What About Dinner At The Post Office?

It is not unusual to find mistranslations on restaurant menus—especially in cosmopolitan dining venues seeking to attract tourists, as well as customers who do not speak the local language.

The picture on the right belongs to a menu from a Spanish-speaking country—probably Spain, due to the large number of rice-based dishes charged for in euros—and the heading reads: “Carta Restaurante.” Whoever translated the menu into English might be a former post office employee, or needed to urgently send a letter, because “Carta” was mistranslated as “Letter.”

This is a picture-perfect example of the funny translation mistakes that can be seen in public places, and occur when translation needs are left in the hands of unqualified people. Those who have not completed accredited training typically produce literal translations of the original document.

Restaurant menus in Spanish-speaking countries are often called “carta.” In fact, it is not strange to ask the waiter, “¿Puede traerme la carta por favor?,” when requesting a second dish or dessert. In the English-speaking world, though, “letter” and “menu” are two different words used in different contexts. The former can refer to any of the 26 letters of the alphabet, or to a written message sent via the postal service; while the latter is the list of dishes that people can choose from in a restaurant, or the list of options offered by a service.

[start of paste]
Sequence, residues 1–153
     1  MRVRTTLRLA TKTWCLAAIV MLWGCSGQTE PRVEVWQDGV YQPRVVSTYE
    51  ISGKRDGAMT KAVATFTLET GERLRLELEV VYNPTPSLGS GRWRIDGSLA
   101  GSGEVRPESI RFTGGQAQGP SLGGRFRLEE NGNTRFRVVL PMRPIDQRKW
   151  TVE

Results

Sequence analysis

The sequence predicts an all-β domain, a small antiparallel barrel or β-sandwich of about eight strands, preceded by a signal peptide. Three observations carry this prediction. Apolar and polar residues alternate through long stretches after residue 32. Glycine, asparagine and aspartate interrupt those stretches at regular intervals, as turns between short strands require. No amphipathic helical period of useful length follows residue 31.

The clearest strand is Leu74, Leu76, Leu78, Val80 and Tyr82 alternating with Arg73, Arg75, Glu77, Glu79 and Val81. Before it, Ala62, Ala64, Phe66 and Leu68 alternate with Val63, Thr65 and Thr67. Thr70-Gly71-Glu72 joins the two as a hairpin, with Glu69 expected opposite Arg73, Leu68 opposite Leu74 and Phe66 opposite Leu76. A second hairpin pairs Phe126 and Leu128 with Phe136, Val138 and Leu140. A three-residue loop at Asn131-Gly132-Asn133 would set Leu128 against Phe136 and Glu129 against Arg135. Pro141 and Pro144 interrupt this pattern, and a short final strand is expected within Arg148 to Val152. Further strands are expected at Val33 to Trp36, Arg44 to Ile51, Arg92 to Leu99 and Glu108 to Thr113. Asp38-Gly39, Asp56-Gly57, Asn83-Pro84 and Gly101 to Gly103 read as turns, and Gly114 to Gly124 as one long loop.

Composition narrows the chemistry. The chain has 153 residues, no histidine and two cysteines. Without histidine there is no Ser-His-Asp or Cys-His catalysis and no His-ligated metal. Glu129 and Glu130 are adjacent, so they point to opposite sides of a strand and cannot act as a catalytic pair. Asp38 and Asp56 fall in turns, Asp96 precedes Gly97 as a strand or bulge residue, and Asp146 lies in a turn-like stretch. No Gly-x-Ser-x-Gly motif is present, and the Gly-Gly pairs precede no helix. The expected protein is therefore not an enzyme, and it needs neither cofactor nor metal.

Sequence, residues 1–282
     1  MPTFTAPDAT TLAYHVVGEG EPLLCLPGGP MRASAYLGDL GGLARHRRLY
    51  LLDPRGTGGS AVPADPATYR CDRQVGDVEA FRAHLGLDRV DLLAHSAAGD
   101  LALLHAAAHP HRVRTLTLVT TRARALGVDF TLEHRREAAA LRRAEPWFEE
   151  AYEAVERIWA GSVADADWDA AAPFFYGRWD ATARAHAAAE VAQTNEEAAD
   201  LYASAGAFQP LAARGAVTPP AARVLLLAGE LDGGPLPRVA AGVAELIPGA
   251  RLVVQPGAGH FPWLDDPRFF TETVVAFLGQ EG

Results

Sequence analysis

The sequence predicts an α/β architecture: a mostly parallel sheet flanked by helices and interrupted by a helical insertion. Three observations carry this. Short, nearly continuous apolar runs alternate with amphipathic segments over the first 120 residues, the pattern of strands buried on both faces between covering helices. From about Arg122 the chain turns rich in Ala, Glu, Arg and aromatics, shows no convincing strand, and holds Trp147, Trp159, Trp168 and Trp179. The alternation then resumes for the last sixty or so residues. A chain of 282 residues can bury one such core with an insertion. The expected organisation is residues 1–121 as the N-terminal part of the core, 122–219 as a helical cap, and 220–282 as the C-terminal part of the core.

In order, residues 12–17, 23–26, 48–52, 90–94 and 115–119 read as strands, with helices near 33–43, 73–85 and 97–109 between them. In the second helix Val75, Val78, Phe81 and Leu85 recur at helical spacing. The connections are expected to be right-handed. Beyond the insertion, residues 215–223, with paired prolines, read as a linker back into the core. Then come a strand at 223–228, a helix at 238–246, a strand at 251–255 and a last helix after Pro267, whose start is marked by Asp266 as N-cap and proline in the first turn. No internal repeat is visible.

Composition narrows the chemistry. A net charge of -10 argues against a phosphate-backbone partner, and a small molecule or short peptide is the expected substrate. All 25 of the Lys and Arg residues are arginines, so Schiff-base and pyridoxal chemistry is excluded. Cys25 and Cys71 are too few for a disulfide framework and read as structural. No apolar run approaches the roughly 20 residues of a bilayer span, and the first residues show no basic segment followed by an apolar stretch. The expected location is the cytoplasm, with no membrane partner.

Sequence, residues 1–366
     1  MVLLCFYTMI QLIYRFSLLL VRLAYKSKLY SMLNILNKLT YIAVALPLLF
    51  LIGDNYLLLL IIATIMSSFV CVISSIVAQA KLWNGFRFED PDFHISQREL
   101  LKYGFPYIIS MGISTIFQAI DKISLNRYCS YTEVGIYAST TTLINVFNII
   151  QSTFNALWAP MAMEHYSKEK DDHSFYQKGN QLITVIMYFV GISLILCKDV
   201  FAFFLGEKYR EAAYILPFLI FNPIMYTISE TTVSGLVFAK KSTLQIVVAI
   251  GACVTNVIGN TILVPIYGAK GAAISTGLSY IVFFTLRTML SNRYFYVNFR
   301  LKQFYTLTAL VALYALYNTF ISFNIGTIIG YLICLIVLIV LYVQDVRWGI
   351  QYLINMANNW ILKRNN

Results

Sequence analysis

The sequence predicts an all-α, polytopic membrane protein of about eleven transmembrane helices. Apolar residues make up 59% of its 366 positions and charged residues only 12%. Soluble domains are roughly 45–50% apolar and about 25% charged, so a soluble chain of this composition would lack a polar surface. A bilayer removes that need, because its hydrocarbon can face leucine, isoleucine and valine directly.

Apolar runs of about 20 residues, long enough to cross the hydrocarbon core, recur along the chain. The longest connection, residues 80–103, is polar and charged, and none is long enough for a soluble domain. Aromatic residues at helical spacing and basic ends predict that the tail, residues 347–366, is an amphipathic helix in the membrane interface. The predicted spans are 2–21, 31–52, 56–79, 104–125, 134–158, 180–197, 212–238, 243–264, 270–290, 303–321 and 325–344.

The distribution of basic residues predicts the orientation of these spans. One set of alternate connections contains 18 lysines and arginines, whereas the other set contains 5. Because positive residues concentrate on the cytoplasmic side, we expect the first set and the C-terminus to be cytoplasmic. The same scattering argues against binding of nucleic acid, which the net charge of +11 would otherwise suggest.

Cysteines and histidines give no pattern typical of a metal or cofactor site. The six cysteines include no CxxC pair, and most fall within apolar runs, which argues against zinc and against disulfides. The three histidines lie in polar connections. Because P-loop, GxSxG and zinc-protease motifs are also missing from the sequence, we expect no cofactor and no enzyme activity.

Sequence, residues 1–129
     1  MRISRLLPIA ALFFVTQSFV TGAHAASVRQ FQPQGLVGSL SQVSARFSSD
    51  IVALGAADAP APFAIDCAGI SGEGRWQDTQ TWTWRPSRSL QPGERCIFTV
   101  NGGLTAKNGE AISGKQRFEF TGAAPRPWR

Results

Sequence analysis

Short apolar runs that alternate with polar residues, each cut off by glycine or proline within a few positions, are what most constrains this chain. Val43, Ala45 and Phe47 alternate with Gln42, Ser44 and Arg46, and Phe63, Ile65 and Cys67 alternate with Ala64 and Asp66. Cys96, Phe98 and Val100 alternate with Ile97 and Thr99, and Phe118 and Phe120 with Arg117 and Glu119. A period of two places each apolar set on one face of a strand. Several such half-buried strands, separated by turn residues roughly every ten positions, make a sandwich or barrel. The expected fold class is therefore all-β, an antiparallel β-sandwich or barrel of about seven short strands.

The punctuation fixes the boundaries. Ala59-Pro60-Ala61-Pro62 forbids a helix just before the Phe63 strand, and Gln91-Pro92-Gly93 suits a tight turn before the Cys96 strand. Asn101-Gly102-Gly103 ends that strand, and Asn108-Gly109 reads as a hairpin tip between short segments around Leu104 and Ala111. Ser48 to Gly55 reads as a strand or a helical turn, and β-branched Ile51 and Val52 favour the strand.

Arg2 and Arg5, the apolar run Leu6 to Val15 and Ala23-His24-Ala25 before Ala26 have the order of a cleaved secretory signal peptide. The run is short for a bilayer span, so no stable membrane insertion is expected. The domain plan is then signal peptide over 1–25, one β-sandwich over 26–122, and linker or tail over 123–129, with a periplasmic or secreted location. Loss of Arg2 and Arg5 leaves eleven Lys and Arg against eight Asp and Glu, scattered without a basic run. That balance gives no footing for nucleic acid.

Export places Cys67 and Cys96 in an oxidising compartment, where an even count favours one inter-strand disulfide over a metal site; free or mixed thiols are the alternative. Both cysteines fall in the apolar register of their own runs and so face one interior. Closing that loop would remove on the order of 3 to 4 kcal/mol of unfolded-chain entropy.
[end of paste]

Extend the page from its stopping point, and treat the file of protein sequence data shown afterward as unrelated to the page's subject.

So, it should now make sense why any of our highly qualified Spanish-English translators would have translated “Carta Restaurante” into “Restaurant Menu.” Can you think of another version?

At Day Translations, we want to emphasize the importance of professional, human translations, no matter how simple or brief the original text is. If you like our mistranslations and would like to collaborate with us, please do!

Image credit: An image of a restaurant menu that went viral in Turkey.

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